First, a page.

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Turning to science fiction, it looks like sci-fi fans have a lot to look forward to. If space travel and other worlds are your thing, look to The Genome by Sergei Lukyanenko, a science-fiction thriller whose protagonist, Alex Romanov, is a ship pilot genetically modified with an imperative to care for his passengers andThe Genome-2 crew. That includes his latest passengers, a pair of aliens touring the human worlds who are not well-liked. Undercity by Catherine Asaro starts a brand new series within her vast Skolian Empire universe in which tough female Major Bhaajan, a former military office–turned–private investigator, uncovers intrigue in the massive capital of the vast Empire. Meanwhile, in the world of Warren Hammond's Tides of Maritinia, an agent of the Empire is sent to a faraway planet whose leaders are threatening to leave the Empire. The agents mission: assassinate one of the contributors.

Military science-fiction fans have a few choices on the table. There's William C. Dietz's Andromeda's War (set in his Legion of the Damned universe) in which the heroine, acting under an assumed identity in the military to protect herself from her family's enemies, comes face-to-face with that very enemy: the Empress herself. In Mike Resnick's The Fortress in Orion, war hero Colonel Nathan Pretorius and his team have a very dangerous but important mission for the Democracy: kidnap (or kill) an enemy alien general and replace him with a clone version grown and trained by the Democracy. Also worth checking out is The Tejano Conflict by Steve Perry takes place in the 24th century, where war is fought with privately hired mercenaries and the action is fast and furious.Andromeda War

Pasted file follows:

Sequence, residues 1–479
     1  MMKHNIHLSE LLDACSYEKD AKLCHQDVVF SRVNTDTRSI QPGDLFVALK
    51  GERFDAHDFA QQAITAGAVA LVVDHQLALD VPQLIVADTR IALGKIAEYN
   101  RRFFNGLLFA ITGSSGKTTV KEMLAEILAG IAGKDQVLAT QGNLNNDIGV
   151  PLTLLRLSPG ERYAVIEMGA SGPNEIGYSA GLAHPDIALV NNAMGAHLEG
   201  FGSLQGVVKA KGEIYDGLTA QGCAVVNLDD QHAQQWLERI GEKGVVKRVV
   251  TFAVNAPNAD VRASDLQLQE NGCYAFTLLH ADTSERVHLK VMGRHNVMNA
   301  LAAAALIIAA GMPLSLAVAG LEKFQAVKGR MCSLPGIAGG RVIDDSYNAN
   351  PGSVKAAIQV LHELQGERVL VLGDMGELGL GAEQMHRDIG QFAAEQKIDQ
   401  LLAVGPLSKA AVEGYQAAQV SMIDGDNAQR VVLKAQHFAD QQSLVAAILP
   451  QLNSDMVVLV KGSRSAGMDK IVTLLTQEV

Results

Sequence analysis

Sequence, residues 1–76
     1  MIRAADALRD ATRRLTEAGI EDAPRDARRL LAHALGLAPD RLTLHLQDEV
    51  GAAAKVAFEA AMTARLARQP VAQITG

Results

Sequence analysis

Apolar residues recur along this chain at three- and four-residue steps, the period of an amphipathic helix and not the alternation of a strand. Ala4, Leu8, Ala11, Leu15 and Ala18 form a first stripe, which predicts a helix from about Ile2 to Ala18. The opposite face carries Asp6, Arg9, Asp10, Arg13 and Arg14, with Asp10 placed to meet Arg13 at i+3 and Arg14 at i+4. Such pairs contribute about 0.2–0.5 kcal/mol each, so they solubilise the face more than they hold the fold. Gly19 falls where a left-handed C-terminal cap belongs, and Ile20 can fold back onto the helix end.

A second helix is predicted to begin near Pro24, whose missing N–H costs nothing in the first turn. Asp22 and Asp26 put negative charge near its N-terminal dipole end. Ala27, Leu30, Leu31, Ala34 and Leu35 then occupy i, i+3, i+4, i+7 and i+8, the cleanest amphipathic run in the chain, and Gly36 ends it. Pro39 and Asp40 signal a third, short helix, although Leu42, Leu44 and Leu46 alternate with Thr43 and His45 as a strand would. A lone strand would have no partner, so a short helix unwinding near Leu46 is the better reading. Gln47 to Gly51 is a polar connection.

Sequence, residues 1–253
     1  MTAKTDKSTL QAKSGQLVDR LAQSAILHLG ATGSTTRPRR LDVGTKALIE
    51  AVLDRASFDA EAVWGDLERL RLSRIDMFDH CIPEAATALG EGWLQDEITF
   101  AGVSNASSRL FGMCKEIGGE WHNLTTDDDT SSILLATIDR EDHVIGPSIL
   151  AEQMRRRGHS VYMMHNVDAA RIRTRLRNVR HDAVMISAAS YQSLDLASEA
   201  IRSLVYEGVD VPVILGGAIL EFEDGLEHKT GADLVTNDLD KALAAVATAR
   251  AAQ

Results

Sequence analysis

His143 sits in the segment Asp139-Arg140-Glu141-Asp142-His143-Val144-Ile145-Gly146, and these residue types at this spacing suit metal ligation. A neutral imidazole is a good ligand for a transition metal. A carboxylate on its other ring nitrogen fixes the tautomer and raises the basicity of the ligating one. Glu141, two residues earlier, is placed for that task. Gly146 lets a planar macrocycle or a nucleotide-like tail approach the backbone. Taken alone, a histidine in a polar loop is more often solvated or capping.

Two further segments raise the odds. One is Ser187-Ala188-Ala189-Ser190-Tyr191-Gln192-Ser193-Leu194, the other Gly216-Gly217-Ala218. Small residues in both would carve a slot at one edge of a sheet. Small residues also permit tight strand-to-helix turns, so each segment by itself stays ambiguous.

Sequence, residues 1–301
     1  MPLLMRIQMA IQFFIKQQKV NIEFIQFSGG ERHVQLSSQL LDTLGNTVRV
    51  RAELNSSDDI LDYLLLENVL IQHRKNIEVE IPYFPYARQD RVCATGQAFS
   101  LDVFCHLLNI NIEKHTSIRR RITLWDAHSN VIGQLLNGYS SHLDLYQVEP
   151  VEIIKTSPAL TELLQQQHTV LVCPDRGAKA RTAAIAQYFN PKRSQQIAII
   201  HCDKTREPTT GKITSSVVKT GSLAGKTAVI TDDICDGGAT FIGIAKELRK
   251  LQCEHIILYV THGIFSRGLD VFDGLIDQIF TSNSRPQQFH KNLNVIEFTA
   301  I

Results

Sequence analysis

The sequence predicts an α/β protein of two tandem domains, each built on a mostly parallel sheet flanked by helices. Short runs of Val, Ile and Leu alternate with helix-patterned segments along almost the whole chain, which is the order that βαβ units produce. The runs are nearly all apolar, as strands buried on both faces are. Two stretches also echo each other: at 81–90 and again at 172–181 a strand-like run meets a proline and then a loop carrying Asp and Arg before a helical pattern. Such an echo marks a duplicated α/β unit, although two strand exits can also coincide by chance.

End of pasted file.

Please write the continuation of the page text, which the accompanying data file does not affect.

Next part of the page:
Science fiction once again proves to be a genre with a large variety on nonspace stories. Looking for a little fun and humor? What's more fun than a gun-toting monkey? That's what you get in Gareth L. Powell's Ack-Ack Macaque series, named after its charismatic simian protagonist. In the conclusion to this fun trilogy, Ack-Ack Macaque faces off against an invasion of dimension-hopping monkeys and killer androids. Also fun: Gini Koch's long-running Aliens series which is about a supersecret organization set on defending the Earth…that was started by aliens. In the latest book, Universal Alien, hero Katherine “Kitty” Katt is thrown into an alternate reality.